If you’ve spent much in social media, you’ve probably been warned not to “feed the trolls.”
Trolls, as Wikipedia will tell you, are defined as “someone who posts inflammatory, extraneous, or off-topic messages in an online community, such as an online discussion forum, chat room, or blog, with the primary intent of provoking readers into an emotional response or of otherwise disrupting normal on-topic discussion.”
Give them gasoline and a match, and they’ll start a fire on your blog. So don’t feed them content that might encourage them to, you know, troll.
But not feeding the trolls is a lot easier said than done. Why? Because trolls eat anything. The web to them is like an all you eat buffet.
Write a post about your favorite breakfast diner and a troll will claim you’re sleeping with the owner.
Write a post about proper grammar and a troll will find every grammatical mistake you’ve made since kindergarten and share it in your comment section.
Write a post about how you advocate for the fair treatment of trolls and they’ll claim you’re taking money from the Pro Troll Association. They won’t stop there. Then they’ll assert your ethics should be questioned and your bias should be exposed.
Their mission is to discredit your authority.
If you can type it, a troll can find a reason to hate it. It (unfortunately) comes with the territory of web publishing.
So how can you deal with the potential trolls that might disrupt your comment section? Well since there’s no way to eradicate the behavior, do the one thing you can do: get started with a solid blog comment policy.
1. Let the truth stand
People tend to find out the truth anyway, and censoring valid viewpoints or complaints is a recipe for a PR disaster. If it’s true it might hurt, but transparency is the best policy when dealing with your audience. Transparency gains trust, especially when owning up to your company’s mishaps.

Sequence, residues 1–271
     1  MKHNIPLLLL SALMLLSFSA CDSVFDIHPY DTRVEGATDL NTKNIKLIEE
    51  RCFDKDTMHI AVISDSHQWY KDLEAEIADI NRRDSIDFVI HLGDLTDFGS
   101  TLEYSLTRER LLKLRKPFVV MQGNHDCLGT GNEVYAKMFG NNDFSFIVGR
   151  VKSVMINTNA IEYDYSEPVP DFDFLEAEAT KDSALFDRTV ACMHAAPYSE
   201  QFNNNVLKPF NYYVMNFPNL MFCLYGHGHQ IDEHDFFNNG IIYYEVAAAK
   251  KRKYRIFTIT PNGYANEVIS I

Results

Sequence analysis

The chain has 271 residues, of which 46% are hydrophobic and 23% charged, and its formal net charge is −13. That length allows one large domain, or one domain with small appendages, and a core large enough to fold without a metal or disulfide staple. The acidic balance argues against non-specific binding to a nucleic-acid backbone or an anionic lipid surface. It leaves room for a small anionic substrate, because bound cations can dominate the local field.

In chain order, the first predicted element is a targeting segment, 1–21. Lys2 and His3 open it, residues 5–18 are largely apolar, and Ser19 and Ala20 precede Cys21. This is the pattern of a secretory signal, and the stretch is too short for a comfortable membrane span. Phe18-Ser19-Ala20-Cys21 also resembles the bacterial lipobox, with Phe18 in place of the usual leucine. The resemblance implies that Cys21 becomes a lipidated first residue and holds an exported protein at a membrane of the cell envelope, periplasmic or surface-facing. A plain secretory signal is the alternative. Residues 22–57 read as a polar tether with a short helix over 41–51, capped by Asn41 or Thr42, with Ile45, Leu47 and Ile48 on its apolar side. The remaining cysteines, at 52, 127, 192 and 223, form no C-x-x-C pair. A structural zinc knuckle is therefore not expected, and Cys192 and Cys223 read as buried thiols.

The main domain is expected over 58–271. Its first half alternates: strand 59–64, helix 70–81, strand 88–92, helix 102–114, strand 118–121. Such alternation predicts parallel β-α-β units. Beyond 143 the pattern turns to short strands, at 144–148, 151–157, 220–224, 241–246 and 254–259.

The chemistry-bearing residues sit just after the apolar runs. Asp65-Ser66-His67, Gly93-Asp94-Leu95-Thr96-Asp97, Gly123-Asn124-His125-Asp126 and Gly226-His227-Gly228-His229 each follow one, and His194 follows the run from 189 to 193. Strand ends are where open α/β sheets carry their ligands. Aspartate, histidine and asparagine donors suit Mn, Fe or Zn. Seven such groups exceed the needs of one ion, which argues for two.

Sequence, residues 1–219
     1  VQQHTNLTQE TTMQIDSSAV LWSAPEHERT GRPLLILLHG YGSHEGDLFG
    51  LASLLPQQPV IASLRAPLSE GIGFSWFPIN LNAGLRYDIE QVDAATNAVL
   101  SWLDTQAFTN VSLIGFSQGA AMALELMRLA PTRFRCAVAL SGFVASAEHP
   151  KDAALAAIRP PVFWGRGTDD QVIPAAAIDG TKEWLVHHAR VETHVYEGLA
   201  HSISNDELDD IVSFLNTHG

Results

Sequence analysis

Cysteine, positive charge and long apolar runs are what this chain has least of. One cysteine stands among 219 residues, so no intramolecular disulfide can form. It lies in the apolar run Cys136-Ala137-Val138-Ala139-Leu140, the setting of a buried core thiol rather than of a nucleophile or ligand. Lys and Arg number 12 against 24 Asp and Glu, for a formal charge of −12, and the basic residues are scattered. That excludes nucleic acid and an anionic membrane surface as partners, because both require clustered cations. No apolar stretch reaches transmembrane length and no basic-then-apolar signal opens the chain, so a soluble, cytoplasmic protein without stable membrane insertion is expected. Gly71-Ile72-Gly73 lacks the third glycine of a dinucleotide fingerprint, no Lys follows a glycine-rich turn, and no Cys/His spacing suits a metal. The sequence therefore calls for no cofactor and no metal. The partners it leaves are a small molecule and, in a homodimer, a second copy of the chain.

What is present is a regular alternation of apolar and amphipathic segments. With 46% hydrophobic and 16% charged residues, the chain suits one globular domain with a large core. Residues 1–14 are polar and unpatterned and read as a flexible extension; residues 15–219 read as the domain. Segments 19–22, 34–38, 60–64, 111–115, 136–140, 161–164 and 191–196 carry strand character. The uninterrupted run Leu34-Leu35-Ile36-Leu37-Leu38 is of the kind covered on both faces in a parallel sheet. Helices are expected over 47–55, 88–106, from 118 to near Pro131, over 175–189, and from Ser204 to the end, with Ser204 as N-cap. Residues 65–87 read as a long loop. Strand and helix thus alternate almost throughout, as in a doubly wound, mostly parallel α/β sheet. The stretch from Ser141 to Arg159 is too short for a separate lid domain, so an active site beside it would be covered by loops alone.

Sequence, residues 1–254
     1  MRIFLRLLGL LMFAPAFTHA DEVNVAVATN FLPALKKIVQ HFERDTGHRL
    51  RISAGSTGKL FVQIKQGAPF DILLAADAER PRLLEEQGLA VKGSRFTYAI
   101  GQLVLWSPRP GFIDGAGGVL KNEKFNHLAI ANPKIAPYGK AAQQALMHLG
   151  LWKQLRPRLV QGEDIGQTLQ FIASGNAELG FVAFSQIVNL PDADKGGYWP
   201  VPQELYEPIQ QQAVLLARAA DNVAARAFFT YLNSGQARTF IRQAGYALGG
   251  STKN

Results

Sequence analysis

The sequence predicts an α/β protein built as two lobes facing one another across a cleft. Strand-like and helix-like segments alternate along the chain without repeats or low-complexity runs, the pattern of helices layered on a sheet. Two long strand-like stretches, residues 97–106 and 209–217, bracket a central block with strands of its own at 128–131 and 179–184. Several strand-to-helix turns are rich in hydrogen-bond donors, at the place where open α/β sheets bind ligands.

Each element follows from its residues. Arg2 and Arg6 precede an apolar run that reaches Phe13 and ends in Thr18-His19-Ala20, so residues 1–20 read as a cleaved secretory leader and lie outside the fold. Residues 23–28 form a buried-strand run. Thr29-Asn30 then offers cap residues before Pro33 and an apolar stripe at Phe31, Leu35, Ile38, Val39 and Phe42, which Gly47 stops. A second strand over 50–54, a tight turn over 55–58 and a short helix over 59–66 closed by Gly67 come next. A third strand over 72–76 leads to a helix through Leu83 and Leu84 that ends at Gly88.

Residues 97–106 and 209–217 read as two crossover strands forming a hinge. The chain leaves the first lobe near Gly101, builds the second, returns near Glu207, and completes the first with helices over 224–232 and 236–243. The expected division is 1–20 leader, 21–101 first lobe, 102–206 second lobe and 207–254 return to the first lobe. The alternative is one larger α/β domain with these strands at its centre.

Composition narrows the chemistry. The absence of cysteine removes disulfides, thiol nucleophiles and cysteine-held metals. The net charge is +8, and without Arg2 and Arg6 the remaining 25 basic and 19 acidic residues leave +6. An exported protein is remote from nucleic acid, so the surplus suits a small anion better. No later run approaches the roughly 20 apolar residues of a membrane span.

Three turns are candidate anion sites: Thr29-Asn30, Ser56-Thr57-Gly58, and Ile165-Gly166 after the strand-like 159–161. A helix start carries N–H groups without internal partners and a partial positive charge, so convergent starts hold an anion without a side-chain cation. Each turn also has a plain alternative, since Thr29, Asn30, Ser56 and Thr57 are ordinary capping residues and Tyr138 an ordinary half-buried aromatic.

Afraid you can’t take the heat? A post “Corporate Blogging Do’s and Don’ts”, reported that not censoring complaints, allowing them to stand and then responding honestly will actually cause your company’s credibility to rise—hey, your audience is probably more understanding than you give them credit for.
So turn that social media blunder into a positive open forum in your comments section. A study showed that when companies listened and proactively responded to disgruntled customers, 33% turned around and posted a positive review and 34% deleted their original negative review. Rub that troll’s belly and they may purr.
2. Don’t tolerate hate
There’s a great post that talks about approaches to managing community on a website (If You’re Website is Full of A**holes, It’s Your Fault). Yes that is the post’s title. So when in doubt use this quick rule: if it doesn’t pass the living room test, don’t let it on your website.
Don’t discourage passion just don’t encourage attacks on authors or other commenters. Inappropriate profanity or unconstructive criticism doesn’t bring any value to your post or your blog’s community. So don’t allow it—simple enough.
3. Be proactive
Actively monitor your blog’s comments and be proactive not reactive with responses. Acting defensively to worried or angry fans will only strip your business of its integrity.
Learn a lesson from Versace’s slip-up. After protestors covered their wall with vulgar messages about the production process for their new jean line, they disabled their (Facebook) page’s comment section. This goes to show you, not all PR is good, but if handled correctly taking the backlash head on with an apology can go a long way. Removing the voice of your audience will only continue the uproar to some other forum where you can’t monitor and coax it.
4. Keep the conversation relevant
As the blog’s author it’s your responsibility to steer the discussion toward the posted topic. Trolls are lurking waiting to switch the focus over to your company’s poor social media initiatives or some other irrelevant piece of information.
Acknowledge the comment, kill them with kindness then move on by keeping the thread on track. Other commenters will be grateful and the discussion will go on.
So go ahead leave a comment, I’m sure you want to. But here let me help you keep the conversation relevant with a question:
What’s in your blog’s comment policy?
Here are some great examples of comment guidelines: